important point given the human tendency toward self-seeking and the bad
conduct of many non-democratic governments.
people don’t view democracy as merely a practical expedientin Churchill’s
words, as “the worst form of government except all those other forms.” If that
were their view they wouldn’t treat democracy as so transcendently important.
Instead, it has become an overarching social outlook with its own standard of
the just and good that trumps all other standards. It is thus a fundamental
moral outlook, something Williamson calls a religion.
outlook or religion the will of the people is the basis of government and
equality is the standard of justice. The will of the people rules, not only in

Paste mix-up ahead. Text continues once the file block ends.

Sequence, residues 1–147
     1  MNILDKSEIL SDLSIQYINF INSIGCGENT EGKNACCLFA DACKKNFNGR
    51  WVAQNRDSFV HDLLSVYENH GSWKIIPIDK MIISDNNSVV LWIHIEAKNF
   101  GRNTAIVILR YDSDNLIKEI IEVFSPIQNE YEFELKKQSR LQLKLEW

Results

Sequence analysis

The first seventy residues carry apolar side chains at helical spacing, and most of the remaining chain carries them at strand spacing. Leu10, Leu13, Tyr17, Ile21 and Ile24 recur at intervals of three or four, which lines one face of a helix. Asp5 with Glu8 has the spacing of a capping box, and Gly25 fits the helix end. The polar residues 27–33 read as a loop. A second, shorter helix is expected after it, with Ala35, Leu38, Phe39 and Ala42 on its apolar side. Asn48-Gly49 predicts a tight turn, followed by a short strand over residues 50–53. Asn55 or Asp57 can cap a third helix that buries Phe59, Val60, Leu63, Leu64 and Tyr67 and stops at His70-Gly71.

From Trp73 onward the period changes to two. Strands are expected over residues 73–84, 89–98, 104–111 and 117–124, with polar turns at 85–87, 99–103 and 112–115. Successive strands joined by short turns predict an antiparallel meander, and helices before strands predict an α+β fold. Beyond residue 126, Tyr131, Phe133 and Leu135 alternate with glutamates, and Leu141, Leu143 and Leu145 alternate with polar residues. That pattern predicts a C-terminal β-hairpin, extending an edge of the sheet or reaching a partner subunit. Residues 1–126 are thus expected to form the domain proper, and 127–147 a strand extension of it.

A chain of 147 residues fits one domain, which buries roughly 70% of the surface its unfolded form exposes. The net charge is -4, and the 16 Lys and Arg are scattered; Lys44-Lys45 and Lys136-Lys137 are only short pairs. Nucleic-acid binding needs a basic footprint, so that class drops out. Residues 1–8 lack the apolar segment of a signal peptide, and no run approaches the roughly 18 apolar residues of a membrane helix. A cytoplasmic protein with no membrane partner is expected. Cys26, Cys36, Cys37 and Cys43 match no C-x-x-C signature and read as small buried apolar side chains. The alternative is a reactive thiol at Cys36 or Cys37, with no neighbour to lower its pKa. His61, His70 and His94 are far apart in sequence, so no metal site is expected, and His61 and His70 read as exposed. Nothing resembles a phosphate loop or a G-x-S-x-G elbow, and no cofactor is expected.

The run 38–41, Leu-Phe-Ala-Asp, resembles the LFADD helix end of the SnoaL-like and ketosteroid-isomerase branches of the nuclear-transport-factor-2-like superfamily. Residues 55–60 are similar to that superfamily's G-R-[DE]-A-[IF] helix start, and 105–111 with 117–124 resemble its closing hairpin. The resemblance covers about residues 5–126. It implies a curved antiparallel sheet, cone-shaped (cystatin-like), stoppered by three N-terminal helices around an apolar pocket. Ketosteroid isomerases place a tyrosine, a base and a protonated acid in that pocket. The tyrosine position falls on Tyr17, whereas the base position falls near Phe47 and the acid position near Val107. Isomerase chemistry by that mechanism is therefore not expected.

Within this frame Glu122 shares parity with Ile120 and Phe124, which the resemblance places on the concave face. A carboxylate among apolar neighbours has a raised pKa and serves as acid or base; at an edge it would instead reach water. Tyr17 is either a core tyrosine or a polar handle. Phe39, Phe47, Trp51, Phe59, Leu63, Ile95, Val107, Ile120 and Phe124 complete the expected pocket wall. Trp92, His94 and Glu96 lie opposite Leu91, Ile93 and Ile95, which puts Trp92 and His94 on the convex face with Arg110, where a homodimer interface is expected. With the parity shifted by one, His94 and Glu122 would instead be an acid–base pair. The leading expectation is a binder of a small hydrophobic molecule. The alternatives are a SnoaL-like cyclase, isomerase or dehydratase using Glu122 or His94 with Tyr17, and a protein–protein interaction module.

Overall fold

fact but by fundamental right, subject only to limitations based on equality
and the needs of the system. As time has passed, those limitations have
developed and become increasingly important. Where pure popular democracy would
say that the majority can do what it likes, liberal democracy insists on proper
procedures and free discussion, and advanced liberal democracy requires equal
consideration for the concerns of minorities.
limitations seem plausible, but they have been interpreted ever more broadly,
and the result has been an ever narrower role for the popular will on basic
issues. Thus, where popular democracy would feel free to redefine marriage to
include the union of two men or two women if that’s what people want, advanced